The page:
They are both great products from great companies, but honestly I think the APEX kit is more bang for the buck as it's cheaper and makes more of a difference. To me the APEX trigger kit turned a very mediocre trigger into a great trigger whereas the PRP trigger kit turned a good trigger into a great trigger. Does this mean the PRP is a failure? Not really as frankly I think it starts with a better trigger and so making a noticeable difference isn't as easy. But for me the takeups between the two are both smooth, though the M&P breaks much further back (they have a different kit to address this now), the overtravel isn't an issue, and the reset isn't something I personally worry a ton about. Then it comes down to the break and honestly I think the APEX just has the PRP beat in this case. If someone asked me is the PRP trigger a must have for an XDm, I'd have a hard time saying yes. If someone asks the same about the APEX I would say yes instantly.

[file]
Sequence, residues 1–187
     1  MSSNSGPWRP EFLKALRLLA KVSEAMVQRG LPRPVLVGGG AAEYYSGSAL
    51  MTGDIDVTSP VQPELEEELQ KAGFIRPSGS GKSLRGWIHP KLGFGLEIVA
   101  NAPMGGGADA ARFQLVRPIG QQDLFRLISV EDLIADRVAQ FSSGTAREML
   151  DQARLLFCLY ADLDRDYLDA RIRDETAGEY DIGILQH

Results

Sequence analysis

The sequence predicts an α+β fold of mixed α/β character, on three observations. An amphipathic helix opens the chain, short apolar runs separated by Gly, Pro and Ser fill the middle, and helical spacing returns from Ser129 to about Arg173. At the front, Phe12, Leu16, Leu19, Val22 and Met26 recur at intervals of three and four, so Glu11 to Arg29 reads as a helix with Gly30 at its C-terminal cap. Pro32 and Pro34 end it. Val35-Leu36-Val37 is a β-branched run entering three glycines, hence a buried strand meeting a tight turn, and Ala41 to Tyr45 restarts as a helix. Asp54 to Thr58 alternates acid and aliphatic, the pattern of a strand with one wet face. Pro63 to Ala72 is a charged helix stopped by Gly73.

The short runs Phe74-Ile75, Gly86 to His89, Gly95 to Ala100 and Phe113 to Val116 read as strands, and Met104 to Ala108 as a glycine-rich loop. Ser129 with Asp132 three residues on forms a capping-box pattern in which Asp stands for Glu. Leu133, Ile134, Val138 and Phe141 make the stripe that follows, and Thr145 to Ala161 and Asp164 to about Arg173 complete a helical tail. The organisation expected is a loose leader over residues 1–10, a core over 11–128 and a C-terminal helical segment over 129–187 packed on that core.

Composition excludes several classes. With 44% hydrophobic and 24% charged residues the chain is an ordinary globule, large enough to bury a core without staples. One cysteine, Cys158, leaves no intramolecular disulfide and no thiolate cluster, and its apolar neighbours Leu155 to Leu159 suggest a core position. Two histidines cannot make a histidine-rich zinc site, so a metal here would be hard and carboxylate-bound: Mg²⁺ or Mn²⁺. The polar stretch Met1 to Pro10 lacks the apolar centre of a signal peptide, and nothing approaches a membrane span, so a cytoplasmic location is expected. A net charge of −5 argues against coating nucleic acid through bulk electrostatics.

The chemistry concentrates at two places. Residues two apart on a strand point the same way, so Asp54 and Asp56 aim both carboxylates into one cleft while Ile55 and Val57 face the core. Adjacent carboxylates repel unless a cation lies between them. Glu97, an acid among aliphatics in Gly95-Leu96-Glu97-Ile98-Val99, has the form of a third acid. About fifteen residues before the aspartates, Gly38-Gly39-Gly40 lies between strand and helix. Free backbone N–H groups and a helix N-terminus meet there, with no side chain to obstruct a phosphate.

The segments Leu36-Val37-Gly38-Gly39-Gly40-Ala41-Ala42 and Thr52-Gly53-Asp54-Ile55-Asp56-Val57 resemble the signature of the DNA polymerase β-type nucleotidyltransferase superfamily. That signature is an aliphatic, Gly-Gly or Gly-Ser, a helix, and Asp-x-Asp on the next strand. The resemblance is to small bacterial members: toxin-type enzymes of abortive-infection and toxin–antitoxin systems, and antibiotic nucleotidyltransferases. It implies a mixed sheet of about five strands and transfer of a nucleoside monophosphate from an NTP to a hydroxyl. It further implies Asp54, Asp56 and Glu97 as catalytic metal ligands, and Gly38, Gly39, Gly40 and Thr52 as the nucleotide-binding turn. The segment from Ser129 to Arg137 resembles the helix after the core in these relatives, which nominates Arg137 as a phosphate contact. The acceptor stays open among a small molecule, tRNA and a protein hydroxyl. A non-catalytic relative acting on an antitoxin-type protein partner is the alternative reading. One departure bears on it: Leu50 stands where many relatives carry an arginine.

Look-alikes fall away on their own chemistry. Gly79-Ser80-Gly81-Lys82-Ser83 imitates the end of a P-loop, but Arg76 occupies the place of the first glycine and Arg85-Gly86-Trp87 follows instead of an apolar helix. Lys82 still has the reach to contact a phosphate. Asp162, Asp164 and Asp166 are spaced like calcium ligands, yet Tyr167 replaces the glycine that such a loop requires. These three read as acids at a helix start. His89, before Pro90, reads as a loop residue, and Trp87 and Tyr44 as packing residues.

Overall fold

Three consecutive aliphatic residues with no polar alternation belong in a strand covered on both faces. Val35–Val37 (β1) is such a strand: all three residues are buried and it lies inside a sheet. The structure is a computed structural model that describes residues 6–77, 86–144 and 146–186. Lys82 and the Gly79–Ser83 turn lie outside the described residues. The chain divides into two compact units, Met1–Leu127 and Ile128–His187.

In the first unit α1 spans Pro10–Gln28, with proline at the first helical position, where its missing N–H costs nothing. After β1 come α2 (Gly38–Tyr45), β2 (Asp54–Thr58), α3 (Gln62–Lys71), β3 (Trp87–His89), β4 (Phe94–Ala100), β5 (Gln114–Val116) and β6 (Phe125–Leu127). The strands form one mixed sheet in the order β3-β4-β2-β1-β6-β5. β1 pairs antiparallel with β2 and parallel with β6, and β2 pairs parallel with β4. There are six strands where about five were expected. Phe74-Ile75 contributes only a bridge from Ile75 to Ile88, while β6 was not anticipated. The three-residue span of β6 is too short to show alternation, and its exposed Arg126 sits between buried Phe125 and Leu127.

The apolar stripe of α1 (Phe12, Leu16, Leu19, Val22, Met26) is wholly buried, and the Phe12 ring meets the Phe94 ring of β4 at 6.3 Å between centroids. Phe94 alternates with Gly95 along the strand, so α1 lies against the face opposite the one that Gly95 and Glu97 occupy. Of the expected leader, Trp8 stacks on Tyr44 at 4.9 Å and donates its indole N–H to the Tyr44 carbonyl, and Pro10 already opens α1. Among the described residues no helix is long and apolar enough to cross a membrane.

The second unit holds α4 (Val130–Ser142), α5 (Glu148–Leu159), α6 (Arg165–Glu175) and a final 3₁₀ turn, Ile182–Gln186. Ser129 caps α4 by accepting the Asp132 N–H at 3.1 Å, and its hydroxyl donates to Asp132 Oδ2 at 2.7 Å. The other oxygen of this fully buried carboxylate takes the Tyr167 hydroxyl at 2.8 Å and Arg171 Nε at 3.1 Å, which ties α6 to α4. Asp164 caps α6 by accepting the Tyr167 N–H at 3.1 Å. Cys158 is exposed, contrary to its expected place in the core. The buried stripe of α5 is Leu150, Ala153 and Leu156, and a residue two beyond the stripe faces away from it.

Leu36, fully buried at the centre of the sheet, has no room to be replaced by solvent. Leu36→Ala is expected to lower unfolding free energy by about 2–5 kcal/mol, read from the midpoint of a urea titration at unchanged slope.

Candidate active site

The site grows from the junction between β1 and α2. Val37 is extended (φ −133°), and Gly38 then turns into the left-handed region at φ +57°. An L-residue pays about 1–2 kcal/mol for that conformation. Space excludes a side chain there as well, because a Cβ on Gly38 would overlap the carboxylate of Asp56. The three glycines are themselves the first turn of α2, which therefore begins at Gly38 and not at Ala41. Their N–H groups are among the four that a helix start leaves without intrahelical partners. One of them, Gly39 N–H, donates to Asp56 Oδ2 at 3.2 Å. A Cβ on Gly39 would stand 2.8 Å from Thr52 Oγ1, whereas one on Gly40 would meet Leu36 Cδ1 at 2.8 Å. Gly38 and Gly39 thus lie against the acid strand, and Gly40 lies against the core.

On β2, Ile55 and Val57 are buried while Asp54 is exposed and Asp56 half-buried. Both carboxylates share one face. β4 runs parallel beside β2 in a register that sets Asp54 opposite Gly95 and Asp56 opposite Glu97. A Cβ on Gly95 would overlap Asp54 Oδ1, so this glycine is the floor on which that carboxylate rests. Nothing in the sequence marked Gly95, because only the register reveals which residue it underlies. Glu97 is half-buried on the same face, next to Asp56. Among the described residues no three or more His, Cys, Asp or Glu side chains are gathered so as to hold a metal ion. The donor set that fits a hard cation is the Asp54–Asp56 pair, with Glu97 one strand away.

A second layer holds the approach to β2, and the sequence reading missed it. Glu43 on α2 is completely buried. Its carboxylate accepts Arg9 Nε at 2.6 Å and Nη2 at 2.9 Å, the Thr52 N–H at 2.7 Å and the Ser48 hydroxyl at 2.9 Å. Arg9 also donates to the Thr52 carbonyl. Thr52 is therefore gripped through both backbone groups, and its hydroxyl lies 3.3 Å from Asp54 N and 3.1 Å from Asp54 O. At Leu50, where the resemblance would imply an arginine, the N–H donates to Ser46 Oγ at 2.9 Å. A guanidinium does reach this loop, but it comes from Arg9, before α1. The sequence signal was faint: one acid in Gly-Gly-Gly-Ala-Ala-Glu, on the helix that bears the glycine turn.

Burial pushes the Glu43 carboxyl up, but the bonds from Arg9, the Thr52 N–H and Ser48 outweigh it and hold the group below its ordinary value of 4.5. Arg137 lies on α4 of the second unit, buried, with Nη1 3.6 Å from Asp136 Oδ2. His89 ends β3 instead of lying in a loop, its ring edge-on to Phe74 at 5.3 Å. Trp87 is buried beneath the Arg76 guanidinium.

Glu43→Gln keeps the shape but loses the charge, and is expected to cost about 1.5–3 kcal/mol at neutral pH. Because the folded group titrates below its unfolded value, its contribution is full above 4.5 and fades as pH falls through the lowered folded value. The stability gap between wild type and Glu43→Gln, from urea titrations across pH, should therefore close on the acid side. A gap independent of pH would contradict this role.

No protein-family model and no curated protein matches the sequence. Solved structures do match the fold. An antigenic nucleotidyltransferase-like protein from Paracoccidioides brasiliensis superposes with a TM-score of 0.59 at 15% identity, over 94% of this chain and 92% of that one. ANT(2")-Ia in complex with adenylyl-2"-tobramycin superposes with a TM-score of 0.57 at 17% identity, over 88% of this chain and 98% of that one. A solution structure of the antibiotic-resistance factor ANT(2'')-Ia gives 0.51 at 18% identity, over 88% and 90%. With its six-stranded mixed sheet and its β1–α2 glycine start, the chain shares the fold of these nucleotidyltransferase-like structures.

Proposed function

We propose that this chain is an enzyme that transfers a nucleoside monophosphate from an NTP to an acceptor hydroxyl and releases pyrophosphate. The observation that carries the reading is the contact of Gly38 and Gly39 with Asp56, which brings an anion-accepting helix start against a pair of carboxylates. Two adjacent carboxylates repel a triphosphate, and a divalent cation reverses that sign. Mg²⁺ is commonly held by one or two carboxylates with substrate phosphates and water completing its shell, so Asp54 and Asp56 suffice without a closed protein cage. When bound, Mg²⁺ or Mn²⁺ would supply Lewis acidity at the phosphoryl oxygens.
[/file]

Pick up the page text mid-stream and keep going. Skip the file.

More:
If you read all this, congrats!
Know the status of your weapon
Keep your muzzle oriented so that no one will be hurt if the firearm discharges
Keep your finger off the trigger until you have an adequate sight picture
Maintain situational awareness
Last edited by TunnelRat; March 5, 2013 at 04:33 PM.